Fewer Cows, More Milk And Lower Prices
The USDA released their December milk production reports on Wednesday. This report was delayed due to the 35 day government shutdown during December and January. Cow numbers dropped again in December and previous reports were adjusted lower. October was down 2,000 head from the prior release and November lost 6,000 additional cows. December lost 3,000 after adjustments were taken into account to 9.351 million. We have now reduced the milking herd b 16,000 head since September and 53,000 from our peak in May of 2018.
Milk per cow grew by 21 pounds year over year in December to 1,942. Total production in December added up to 18.155 billion, a half percent above a year ago. Total milk production in the U.S. milking herd throughout 2018 came in near 217 and a half billion pounds, up nine-tenths of a percent on 2017 production.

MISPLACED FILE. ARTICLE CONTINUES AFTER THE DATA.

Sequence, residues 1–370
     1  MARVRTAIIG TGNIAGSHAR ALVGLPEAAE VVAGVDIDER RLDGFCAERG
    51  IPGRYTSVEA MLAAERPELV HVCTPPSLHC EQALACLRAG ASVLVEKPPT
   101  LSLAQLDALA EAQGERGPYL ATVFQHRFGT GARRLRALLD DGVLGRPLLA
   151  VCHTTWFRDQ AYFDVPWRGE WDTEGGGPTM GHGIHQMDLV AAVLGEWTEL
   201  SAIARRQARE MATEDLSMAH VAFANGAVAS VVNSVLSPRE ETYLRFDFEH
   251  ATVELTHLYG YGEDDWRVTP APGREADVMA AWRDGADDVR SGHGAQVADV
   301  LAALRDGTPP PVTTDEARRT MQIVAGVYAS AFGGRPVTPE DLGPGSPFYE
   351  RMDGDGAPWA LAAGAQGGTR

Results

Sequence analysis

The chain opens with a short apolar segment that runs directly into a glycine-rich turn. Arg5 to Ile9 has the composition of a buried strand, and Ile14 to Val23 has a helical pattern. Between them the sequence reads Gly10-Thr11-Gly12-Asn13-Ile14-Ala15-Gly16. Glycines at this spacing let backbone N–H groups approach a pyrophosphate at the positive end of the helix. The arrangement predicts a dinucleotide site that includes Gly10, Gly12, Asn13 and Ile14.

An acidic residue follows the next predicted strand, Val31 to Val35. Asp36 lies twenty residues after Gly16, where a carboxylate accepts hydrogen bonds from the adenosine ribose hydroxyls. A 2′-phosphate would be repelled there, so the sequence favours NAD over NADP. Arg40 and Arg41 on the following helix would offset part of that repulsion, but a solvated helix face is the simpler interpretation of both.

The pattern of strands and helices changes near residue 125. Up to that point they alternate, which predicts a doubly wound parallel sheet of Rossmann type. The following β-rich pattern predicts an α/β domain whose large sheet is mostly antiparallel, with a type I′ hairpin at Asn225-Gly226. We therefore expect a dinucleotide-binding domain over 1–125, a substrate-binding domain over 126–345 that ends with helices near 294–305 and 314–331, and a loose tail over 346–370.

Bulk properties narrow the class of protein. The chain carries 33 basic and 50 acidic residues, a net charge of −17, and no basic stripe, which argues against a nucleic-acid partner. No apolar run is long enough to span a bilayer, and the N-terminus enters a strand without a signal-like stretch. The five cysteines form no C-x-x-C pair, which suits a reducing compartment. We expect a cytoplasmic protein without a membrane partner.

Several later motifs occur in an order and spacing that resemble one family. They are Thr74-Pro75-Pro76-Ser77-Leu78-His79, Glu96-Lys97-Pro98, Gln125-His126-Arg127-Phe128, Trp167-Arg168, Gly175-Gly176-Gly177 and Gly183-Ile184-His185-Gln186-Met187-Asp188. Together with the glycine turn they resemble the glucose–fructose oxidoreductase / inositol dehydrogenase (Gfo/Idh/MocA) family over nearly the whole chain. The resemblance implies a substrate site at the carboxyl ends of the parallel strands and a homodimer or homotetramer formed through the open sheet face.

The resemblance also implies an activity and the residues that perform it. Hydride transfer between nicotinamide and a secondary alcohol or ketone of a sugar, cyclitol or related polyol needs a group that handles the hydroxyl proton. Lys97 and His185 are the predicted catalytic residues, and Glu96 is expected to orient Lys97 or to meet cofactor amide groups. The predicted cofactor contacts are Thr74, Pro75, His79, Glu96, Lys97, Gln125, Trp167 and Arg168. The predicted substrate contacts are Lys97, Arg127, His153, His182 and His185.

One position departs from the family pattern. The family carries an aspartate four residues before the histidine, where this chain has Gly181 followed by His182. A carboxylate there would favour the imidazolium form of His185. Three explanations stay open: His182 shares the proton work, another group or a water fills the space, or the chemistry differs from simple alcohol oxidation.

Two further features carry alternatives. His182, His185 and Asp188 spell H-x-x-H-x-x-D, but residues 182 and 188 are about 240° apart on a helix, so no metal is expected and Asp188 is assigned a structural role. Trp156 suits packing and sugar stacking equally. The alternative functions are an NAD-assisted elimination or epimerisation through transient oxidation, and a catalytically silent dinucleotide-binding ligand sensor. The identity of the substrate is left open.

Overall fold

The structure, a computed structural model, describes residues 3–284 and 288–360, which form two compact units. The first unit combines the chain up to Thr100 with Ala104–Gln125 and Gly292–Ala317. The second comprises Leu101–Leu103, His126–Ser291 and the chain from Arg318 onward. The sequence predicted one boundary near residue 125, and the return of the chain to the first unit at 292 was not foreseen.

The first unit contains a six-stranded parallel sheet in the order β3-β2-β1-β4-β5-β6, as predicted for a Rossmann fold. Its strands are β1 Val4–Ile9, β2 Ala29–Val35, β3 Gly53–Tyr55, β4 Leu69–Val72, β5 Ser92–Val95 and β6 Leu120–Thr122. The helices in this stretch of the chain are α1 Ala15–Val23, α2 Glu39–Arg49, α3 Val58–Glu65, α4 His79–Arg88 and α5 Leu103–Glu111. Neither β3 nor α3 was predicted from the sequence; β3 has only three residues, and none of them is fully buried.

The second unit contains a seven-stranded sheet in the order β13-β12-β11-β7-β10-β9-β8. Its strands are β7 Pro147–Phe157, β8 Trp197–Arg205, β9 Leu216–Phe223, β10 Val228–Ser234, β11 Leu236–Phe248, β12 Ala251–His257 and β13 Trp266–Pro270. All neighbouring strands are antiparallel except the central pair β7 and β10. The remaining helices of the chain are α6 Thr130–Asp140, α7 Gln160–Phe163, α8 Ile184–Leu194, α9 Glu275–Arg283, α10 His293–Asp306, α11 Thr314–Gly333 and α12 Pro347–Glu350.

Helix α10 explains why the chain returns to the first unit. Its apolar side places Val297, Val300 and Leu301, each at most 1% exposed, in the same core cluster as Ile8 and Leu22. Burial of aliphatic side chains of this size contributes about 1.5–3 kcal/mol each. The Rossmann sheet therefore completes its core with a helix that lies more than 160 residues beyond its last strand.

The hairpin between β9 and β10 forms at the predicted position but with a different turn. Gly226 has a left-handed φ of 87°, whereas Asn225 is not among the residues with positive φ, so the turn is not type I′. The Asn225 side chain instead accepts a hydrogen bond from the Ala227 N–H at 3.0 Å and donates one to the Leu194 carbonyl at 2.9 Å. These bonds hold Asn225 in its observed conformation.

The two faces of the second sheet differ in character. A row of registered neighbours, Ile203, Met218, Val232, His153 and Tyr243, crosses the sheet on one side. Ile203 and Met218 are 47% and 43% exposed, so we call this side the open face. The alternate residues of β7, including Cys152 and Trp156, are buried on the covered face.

CME spot product markets on Wednesday saw slight changes. Butter added three-quarters of a cent following seven trades to move to $2.25 and three-quarters per lb. Barrels lost 1 and a half cents to $1.41 and three-quarters while blocks were unchanged at $1.59 and a half per lb. Dry whey gained a half cent following seven loads changing hands to 36 cents per pound.
Grade A nonfat dry milk was unchanged at 98 and three-quarters per lb. Class III milk futures results had March 10 cents lower while the remaining months ranged from 5 lower to 5 higher. Class IV had a better day adding 4-19 cents in 2019.